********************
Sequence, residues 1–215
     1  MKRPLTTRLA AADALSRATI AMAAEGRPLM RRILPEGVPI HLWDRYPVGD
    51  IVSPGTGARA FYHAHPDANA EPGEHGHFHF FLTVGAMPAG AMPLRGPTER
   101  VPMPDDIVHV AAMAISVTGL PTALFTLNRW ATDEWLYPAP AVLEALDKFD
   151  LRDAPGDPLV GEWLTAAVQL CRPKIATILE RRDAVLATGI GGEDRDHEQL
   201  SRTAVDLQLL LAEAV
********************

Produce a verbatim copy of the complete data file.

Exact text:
Sequence, residues 1–215
     1  MKRPLTTRLA AADALSRATI AMAAEGRPLM RRILPEGVPI HLWDRYPVGD
    51  IVSPGTGARA FYHAHPDANA EPGEHGHFHF FLTVGAMPAG AMPLRGPTER
   101  VPMPDDIVHV AAMAISVTGL PTALFTLNRW ATDEWLYPAP AVLEALDKFD
   151  LRDAPGDPLV GEWLTAAVQL CRPKIATILE RRDAVLATGI GGEDRDHEQL
   201  SRTAVDLQLL LAEAV